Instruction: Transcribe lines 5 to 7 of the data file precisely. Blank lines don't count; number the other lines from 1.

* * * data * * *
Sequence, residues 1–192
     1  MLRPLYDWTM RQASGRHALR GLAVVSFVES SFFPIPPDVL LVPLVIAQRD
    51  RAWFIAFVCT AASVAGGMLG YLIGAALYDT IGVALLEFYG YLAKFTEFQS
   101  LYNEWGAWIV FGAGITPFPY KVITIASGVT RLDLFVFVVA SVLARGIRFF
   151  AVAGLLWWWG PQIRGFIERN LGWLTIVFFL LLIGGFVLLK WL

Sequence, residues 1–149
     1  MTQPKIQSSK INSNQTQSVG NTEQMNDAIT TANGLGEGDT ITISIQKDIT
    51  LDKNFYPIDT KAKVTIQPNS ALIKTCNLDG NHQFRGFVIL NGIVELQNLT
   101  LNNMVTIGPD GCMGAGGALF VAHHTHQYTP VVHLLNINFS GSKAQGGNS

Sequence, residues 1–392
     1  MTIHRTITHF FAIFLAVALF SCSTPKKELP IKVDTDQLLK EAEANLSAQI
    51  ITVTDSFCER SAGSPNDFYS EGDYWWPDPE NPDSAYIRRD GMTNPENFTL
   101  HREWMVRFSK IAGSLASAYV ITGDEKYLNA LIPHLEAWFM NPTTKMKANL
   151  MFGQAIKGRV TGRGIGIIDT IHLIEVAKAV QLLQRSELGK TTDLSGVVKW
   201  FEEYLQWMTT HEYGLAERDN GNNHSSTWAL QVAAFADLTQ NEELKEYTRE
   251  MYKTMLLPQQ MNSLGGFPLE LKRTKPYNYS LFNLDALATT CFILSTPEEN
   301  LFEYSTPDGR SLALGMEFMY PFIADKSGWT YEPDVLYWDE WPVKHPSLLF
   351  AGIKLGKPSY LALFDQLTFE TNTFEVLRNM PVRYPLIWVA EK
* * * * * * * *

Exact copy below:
   151  AVAGLLWWWG PQIRGFIERN LGWLTIVFFL LLIGGFVLLK WL

Sequence, residues 1–149
     1  MTQPKIQSSK INSNQTQSVG NTEQMNDAIT TANGLGEGDT ITISIQKDIT